Edge computing is emerging as a promising computing paradigm for supporting next-generation applications that rely on low-latency network connections in the Internet-of-Things (IoT) era. Many edge applications, such as multi-player augmented reality (AR) gaming and federated machine learning, require that distributed clients work collaboratively for a common goal through message exchanges. Given an edge network, it is an open problem how to deploy such collaborative edge applications to achieve the best overall system performance. This paper presents a formal study of this problem. We first provide a mix of cost models to capture the system. Based on a thorough formulation, we propose an iterative algorithm dubbed ITEM, where in each iteration, we construct a graph to encode all the costs and convert the cost optimization problem into a graph cut problem. By obtaining the minimum s-t cut via existing max-flow algorithms, we address the original problem via solving a series of graph cuts. We rigorously prove that ITEM has a parameterized constant approximation ratio. Inspired by the optimal stopping theory, we further design an online algorithm called OPTS, based on optimally alternating between partial and full placement updates. Our evaluations with real-world data traces demonstrate that ITEM performs close to the optimum (within 5%) and converges fast. OPTS achieves a bounded performance as expected while reducing full updates by more than 67% of the time.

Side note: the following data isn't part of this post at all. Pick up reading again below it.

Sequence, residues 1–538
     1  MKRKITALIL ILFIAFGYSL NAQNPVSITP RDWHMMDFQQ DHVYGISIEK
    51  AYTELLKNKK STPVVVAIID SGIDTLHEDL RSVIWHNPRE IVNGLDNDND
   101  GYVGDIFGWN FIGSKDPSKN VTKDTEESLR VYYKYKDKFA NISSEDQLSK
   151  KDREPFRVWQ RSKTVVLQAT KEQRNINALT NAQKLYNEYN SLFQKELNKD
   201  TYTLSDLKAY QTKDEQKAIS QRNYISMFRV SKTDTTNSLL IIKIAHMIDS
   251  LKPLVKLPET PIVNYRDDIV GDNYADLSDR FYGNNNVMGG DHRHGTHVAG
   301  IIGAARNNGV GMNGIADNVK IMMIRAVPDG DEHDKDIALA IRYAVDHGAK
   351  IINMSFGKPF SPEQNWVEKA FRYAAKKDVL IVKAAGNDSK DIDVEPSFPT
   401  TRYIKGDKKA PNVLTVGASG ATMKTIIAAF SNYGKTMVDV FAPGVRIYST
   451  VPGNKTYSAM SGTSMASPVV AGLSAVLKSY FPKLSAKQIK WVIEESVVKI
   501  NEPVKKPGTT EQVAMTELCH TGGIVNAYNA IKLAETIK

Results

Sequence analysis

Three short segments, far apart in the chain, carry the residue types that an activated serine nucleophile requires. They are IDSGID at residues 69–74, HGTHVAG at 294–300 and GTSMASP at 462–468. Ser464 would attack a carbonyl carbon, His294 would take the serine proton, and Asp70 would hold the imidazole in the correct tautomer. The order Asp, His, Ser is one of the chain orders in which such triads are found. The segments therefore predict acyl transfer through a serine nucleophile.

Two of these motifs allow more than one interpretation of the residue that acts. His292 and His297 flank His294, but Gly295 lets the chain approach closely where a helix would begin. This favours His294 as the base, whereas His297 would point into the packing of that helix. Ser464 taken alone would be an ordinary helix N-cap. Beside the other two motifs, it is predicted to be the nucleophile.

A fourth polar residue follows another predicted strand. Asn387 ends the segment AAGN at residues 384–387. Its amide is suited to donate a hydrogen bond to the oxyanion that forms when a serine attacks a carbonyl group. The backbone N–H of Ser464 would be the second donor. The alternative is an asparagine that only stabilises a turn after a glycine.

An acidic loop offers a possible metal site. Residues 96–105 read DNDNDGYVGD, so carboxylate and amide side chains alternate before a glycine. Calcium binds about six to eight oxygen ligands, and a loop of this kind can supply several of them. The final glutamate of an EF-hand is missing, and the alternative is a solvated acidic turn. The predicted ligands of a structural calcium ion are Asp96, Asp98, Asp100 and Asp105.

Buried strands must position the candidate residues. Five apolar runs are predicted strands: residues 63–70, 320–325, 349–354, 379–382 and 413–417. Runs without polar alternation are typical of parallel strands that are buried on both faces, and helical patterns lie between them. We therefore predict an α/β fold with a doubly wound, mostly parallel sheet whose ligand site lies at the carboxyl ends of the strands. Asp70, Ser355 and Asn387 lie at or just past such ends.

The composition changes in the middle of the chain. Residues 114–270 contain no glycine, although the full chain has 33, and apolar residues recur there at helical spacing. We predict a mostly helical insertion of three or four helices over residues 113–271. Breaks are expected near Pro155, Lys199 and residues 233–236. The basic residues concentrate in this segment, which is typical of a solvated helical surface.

All Science Journal Classification (ASJC) codes
- Computer Science Applications
- Computer Networks and Communications
- Electrical and Electronic Engineering